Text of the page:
• Headaches ahead on the policy front.

  • [he will push control of the policy priorities back to the centre right]
  • He promised so much but sadly delivered little.

  • [Peter Fitzsimmons laments Malcolm Turnbull’s failings]
  • Real Malcolm did stand up, too late.

  • [Another peice on Turnbull’s failings]
  • The Rise and rise of a ruthless pragmatist always in a hurry.

  • [Morrison’s career as a moderate pragmatist… His connections with Peter Costello a Liberal stalwart and John Howard. Loyal to Turnbull. Likes football. A bastion of middle Australia. Competent Treasurer. Hailed by business. General moderate good guy.]
  • Down to earth, a good man, a winner, a clown.

  • [8 positive comments on Morrison from voters in his electorate one negative and one indifferent for balance.]
  • No Honeymoon for PM.

  • [Shock jocks still want Abbott/Dutton as PM]
  • The inside story of Scott Morrison’s ascendancy.

  • [Morrison had more application than Dutton. The mess is all the fault of those more conservative than Morrison. He was loyal to the end]
  • The breaking of politics in Australia.

  • [Left wing identity politics, and right wing insurgency is the problem. Steady democracy is on the way out – so the coalitions’ behaviour in the last week is the new normal]
  • Editorial: Liberals choose the sensible centre-right.
    Letters: Turnbull can only blame himself. Narrow victory for the progressives
    Stephanie Dowrick: Rise up and resist the leaders with no vision.

  • [mildly critical, but the ALP are as bad.]
  • Tom Switzer: Popular ideas can help Morrison unite a split party.

  • [Malcolm was never one of us. Morrison must fight the culture wars, political correctness and left identity politics. {presumably the government’s actual policies are not popular.}]
  • Peter Hartcher: Vengeance but no end to madness.

  • [Over a quarter of the peice gives Abbotts attack on Turnbull without comment. Liberals have gone away from conservative base and lost trust.]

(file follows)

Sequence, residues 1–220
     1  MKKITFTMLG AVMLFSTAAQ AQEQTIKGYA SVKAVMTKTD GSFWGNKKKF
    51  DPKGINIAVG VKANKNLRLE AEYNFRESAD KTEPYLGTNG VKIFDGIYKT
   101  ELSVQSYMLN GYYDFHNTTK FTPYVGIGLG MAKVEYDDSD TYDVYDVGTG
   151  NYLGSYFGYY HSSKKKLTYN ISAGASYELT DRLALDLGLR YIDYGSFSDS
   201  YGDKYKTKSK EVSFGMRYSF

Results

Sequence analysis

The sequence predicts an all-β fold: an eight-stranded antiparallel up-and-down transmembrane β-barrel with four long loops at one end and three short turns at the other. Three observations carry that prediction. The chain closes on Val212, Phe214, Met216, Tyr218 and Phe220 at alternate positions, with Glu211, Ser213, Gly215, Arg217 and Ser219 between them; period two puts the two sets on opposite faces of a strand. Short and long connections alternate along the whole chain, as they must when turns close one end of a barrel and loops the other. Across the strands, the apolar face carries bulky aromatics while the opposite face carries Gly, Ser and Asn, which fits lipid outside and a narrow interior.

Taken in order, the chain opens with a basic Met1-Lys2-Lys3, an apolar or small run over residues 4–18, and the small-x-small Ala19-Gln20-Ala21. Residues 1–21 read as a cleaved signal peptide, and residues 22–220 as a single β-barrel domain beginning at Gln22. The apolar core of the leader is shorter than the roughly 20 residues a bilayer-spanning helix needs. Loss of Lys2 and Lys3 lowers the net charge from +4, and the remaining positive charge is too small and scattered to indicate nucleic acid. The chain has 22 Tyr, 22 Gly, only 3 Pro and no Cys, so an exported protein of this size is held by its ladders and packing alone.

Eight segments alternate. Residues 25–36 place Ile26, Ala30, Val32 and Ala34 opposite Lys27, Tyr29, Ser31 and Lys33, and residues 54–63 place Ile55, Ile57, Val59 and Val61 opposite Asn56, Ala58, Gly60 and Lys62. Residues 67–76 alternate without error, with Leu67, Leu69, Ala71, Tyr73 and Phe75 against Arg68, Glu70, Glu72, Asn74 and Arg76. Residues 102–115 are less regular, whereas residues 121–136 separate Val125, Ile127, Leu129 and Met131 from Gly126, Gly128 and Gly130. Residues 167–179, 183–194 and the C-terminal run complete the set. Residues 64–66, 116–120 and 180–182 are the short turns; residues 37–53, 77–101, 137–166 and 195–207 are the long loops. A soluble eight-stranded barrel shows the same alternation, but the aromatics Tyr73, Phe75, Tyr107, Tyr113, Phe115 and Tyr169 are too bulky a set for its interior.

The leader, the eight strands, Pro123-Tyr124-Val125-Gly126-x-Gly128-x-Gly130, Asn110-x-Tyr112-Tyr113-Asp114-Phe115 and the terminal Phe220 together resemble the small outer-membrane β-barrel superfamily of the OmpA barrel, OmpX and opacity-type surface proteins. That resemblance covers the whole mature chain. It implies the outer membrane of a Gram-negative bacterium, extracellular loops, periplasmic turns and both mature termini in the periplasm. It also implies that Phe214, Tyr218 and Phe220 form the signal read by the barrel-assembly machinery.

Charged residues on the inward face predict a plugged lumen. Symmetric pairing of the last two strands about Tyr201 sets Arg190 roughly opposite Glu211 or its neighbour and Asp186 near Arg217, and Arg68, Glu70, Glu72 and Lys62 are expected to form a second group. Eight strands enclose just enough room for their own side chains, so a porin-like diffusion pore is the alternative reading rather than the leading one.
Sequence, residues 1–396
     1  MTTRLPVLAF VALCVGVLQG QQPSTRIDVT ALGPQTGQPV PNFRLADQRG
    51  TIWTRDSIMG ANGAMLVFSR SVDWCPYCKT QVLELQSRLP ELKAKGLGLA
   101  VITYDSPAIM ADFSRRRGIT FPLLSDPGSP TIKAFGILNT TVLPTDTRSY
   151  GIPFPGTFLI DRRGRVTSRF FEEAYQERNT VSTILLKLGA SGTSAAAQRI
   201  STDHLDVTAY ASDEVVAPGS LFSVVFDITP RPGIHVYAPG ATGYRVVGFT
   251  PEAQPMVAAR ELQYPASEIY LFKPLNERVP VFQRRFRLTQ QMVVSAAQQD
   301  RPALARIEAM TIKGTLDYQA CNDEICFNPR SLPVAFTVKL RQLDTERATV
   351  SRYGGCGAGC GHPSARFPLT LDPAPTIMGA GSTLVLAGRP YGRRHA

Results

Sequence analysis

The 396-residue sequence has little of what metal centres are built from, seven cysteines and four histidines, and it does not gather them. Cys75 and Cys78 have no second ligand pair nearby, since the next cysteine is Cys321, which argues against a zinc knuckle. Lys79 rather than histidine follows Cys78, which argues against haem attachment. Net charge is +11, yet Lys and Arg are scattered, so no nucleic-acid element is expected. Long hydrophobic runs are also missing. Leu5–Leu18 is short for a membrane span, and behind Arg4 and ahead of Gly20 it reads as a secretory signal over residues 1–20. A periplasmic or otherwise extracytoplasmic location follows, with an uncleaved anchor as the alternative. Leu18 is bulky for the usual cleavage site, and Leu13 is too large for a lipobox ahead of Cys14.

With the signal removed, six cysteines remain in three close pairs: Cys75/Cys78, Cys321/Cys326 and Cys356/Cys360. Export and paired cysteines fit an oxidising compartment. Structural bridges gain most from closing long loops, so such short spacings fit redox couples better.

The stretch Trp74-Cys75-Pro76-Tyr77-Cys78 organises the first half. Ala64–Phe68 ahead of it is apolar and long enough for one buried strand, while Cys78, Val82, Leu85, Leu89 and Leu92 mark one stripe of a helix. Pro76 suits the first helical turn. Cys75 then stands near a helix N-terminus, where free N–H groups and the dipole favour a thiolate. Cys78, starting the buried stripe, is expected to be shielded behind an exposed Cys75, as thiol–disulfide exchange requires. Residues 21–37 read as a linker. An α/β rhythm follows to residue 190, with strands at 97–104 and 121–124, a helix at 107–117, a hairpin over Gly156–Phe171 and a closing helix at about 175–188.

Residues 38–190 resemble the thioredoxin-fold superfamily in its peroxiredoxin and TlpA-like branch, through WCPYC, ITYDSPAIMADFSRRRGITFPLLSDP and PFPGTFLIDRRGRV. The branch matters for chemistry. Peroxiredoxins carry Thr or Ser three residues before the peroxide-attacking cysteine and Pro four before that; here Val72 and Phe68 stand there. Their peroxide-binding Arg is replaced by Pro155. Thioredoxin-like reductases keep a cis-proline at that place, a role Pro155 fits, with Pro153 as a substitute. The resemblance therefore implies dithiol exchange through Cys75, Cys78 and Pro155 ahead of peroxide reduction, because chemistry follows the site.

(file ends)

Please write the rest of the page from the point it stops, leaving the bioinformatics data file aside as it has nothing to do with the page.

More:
• Sunday
    Morrison to end school Funding War.
    Dutton backers tell PM to show he’s listening on immigration.
    Normal bloke next door is what Australia needs.
    Treasurer turns to Costello for tips.
    Everyone loves the real friendly new first lady.
    No clash of dynasties in Wentworth.

  • [all peaceful in the ex-PM’s electorate]
  • The Roof of the Broad Church may be falling in

  • [Critical of Coalition or Turnbull Government, but implies that the republicans in the US are a populist working class party -NO]
  • Wanted firm political leadership.

  • [critical of both sides]
  • Editorial: If Morrison can be his own man then there’s hope.

    Morrison treads softly in reshuffle.
    Voters warm to PM but turn on Coalition.

  • [Sounds critical but the “coalition has kept core support near the 44.6 per cent it gained at the last election” so they are hopeful of winning. No mention of other polls which show Coalition support collapsing]
  • PM Rewards Allies and restores key rivals to power.
    Morrison did everything for a truce. But one move was too far.

  • [Pragmatic cabinet reshuffle that did not reward Tony Abbott.]
  • Accolades flow for top Foreign minister.

  • [Be nice to Julie Bishop day. Don’t talk about sexism. Bishop was widely regarded as a leadership contender who worked hard for people on her side. She was roundly rejected.]
  • Amanda Vanstone: No wonder the public is annoyed.

  • [Criticises nameless bad people in the Parliament so its all generalities]
  • Cancer eating the heart of democracy.

  • [Kevin Rudd attack Rupert Murdoch and Tony Abbott.]
  • Sources of Social Power 1: Violence (dynocracy)

    August 27, 2018

    Some while ago I wrote about the ten different sources of social power:
    Violence. Wealth. Cosmology. Communication. Organisation. Social Category. Risk. Networked legitimacy. Inertia.

    Today I’ll sketch out something about violence

    Monopoly and organisation of violence are important (organisation is a source of power), but disorganised violence can be effective as when a stronger or more skilled person attacks another without provocation or one person lives in fear of another. Whoever controls (or implements) the violence tries to make it ‘legitimate’, but being able to persuade people of that legitimacy is important. Legitimacy is matter of cosmology and communication (rhetoric). If Apple started using guns to murder people in MS we would probably not cheer at this moment, although court cases aimed at destroying the other company might be acceptable. However, if some news channel lies about people wiping them out of the contest, portrays them as inhuman or subhuman, or supports a military struggle against them, we may be unsure if this is violence (or indeed untrue) unless some rival news channel takes the story up in a different way; and even then we don’t know what is happening. Likewise we may wonder if selling people an addictive substance which will lead to their death is violence. So we also need to decide what ‘violence’ involves, which is possibly not going to be easy.